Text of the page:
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C.H. Spurgeons's The Treasury of David

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 Verse 10
Chapter 41
Chapter 43

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Verse 11. Why art thou cast down, O my soul? and why art thou disquieted within me? In the rehearsal of his sorrow, he finds after all no sufficient ground for being disquieted. Looked in the face, his fears were not so overwhelming as they seemed when shrouded in obscurity. Hope thou in God. Let the anchor still keep its hold. God is faithful, God is love, therefore there is room and reason for hope. Who is the health of my countenance, and my God. This is the same hopeful expression as that contained in verse five, but the addition of and my God shows that the writer was growing in confidence, and was able defiantly to reply to the question, "Where is thy God?" Here, even here, he is, ready to deliver me. I am not ashamed to own him amid your sneers and taunts, for he will rescue me out of your hands. Thus faith closes the struggle, a victor in fact by anticipation, and in heart by firm reliance. The saddest countenance shall yet be made to shine, if there be a taking of God at his word and an expectation of his salvation.

"For yet I know I shall him praise
Who graciously to me,
The health is of my countenance,
Yea, mine own God is he."



Verse 5,11. See Psalms on "Psalms 42:5" for further information.

Verse 11. Imitate here the example of David, instead of yielding to a vague grief: cite your soul; enquire of it the particular cause of your sorrow: different remedies will be requisite according to the different sources of your distress; and be careful that you trifle not with God, and your comfort, and your salvation, while you enquire of your soul, Why art thou cast down, O my soul? Be impartial, there is another and more solemn judgment to succeed: be persevering, like the psalmist, return, again and again to the investigation: be prayerful; self love, or the delusion of your heart, may otherwise deceive you. Pray then to God, to "search you, and see if there be any wicked way in you." Henry Kollock, D.D., in "Sermons," etc. 1822.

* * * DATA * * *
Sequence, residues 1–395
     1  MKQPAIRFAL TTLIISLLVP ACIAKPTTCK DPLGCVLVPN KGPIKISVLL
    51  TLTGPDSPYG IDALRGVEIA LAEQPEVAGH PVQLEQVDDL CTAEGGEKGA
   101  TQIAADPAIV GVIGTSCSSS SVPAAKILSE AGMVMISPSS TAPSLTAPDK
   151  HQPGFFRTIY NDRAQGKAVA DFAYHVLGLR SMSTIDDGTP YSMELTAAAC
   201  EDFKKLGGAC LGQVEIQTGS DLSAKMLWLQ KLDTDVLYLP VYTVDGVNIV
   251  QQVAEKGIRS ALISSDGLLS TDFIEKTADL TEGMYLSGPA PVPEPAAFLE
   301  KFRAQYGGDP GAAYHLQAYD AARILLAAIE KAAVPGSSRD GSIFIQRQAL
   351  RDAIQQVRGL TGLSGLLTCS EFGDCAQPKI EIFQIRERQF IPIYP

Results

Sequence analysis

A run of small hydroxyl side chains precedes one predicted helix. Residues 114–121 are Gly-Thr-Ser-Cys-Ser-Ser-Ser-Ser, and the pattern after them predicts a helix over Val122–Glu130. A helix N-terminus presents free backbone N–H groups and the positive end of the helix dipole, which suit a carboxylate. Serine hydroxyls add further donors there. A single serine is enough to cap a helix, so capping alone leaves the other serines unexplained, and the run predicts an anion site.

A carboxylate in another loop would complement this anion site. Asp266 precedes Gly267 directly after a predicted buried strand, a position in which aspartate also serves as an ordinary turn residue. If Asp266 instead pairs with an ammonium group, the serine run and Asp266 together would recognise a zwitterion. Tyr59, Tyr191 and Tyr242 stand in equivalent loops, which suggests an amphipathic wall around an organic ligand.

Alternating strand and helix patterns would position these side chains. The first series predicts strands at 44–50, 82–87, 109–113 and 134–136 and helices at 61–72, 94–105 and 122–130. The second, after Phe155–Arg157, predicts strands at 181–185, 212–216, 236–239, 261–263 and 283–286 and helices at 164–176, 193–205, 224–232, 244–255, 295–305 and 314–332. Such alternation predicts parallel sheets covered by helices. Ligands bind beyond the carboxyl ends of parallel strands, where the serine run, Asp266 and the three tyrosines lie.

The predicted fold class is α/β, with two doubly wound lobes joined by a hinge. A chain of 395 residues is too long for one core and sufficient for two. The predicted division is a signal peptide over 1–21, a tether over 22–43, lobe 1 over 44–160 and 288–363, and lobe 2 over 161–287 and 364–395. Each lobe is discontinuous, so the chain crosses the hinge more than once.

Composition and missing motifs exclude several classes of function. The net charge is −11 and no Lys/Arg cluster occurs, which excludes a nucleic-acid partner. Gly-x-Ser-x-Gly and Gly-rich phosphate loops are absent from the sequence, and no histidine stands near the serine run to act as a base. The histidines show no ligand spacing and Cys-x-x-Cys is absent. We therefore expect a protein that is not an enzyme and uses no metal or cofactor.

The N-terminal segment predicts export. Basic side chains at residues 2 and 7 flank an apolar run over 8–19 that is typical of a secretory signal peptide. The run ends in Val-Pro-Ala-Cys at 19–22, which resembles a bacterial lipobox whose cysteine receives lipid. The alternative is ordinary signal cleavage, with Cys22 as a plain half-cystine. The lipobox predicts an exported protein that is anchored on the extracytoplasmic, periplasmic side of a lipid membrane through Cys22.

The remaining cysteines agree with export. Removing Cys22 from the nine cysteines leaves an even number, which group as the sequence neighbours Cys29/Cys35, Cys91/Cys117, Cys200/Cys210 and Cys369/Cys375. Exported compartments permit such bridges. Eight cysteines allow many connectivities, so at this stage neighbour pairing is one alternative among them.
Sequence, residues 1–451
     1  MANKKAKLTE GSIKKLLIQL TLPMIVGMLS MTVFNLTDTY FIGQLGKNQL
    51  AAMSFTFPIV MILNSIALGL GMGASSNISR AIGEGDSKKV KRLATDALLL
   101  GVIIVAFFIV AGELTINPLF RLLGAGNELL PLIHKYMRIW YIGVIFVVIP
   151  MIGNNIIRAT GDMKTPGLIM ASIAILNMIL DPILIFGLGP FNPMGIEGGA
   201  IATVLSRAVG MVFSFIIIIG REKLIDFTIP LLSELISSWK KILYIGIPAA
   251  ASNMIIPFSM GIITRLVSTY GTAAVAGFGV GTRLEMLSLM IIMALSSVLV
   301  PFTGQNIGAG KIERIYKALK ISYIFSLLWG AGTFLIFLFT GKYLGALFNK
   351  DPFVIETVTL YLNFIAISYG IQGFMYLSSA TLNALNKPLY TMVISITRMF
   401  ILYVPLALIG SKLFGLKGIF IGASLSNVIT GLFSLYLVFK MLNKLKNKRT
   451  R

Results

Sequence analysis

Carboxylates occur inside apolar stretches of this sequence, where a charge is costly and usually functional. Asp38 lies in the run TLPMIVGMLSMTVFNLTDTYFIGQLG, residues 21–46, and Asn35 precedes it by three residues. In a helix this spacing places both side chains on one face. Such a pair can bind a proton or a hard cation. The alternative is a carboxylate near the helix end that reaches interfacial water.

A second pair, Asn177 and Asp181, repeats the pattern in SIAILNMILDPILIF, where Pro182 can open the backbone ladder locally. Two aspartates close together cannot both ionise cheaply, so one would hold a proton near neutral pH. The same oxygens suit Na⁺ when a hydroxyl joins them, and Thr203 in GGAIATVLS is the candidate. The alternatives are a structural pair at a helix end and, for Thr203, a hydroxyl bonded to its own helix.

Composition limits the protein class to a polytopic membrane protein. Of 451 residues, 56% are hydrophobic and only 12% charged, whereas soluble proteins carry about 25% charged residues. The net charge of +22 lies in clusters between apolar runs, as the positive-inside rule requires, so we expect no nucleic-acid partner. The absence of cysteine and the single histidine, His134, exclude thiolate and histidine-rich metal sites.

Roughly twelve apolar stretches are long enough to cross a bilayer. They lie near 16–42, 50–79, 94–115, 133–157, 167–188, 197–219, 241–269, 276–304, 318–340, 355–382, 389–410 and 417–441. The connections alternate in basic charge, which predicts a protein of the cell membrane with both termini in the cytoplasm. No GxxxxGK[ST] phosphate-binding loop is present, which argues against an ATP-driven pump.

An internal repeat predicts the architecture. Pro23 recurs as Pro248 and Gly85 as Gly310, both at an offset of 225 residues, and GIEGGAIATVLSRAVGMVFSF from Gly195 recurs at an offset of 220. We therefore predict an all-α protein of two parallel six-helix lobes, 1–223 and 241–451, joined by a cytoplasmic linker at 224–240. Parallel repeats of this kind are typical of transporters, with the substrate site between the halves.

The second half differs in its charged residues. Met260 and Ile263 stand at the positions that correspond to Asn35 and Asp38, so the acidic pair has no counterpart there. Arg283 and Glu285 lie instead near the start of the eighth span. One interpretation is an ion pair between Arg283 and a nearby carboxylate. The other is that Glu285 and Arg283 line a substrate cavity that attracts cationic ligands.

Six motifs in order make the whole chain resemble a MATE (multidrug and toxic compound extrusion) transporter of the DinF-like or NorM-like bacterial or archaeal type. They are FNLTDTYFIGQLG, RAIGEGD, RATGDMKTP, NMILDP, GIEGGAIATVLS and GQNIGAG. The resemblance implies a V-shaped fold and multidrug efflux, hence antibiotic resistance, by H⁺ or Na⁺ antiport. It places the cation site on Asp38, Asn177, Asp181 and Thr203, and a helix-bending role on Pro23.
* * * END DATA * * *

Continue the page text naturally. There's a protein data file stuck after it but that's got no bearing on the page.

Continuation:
Verse 11. Hope. Hope is like the sun, which, as we journey towards it, casts the shadow of our burden behind us. Samuel Smiles, L.L.D.

Verse 11. God ... is the health of my countenance. The health of David's countenance was not in his countenance, but in his God, and this makes his faith silence his fears, and so peremptorily resolve upon it, that there is a time coming (how near so ever he now lies to the grave's mouth) when he shall yet praise him. The health and life of thy grace lie both of them, not in thy grace, saith faith, but in God, who is thy God, therefore I shall yet live and praise him. I do not wonder that the weak Christian is melancholy and sad, when he sees his sickly face in any other glass than this. William Gurnall.

Verse 11. The health of my countenance. The countenance is often a true index to the mind. In the present awakening in religion, nothing is more remarkable than the sad or joyous looks of those whom God has spiritually exercised. It is easy who are sad, and who happy. There is nothing new in this; the psalmist says, "My soul is cast down within me." Therefore had he a dejected countenance; but said he, "Send thy light and thy truth; let them lead me; then will I go unto God, my exceeding joy...And he shall be the health of my countenance." In his sorrow, the face of Jesus was marred more than any man's, and his visage more than the sons of men. The martyr Stephen was so filled with the sight of Jesus, that in the midst of his persecutors, with death in prospect, he had a face which "shone as the face of an angel." My friend, how is it with thee? Is thy countenance sad? or doth it shine with the joy of the Lord, telling the true tale of thy life and lot? J. Denham Smith. 1860.